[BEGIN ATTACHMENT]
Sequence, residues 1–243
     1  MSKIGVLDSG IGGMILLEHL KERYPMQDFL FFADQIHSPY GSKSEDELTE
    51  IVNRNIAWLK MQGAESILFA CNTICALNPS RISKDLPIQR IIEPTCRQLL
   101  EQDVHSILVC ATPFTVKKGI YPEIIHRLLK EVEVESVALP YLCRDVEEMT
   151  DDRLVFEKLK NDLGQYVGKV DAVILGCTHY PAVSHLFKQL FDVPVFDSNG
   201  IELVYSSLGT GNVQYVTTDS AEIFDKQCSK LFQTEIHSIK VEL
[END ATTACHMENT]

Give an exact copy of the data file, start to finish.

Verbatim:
Sequence, residues 1–243
     1  MSKIGVLDSG IGGMILLEHL KERYPMQDFL FFADQIHSPY GSKSEDELTE
    51  IVNRNIAWLK MQGAESILFA CNTICALNPS RISKDLPIQR IIEPTCRQLL
   101  EQDVHSILVC ATPFTVKKGI YPEIIHRLLK EVEVESVALP YLCRDVEEMT
   151  DDRLVFEKLK NDLGQYVGKV DAVILGCTHY PAVSHLFKQL FDVPVFDSNG
   201  IELVYSSLGT GNVQYVTTDS AEIFDKQCSK LFQTEIHSIK VEL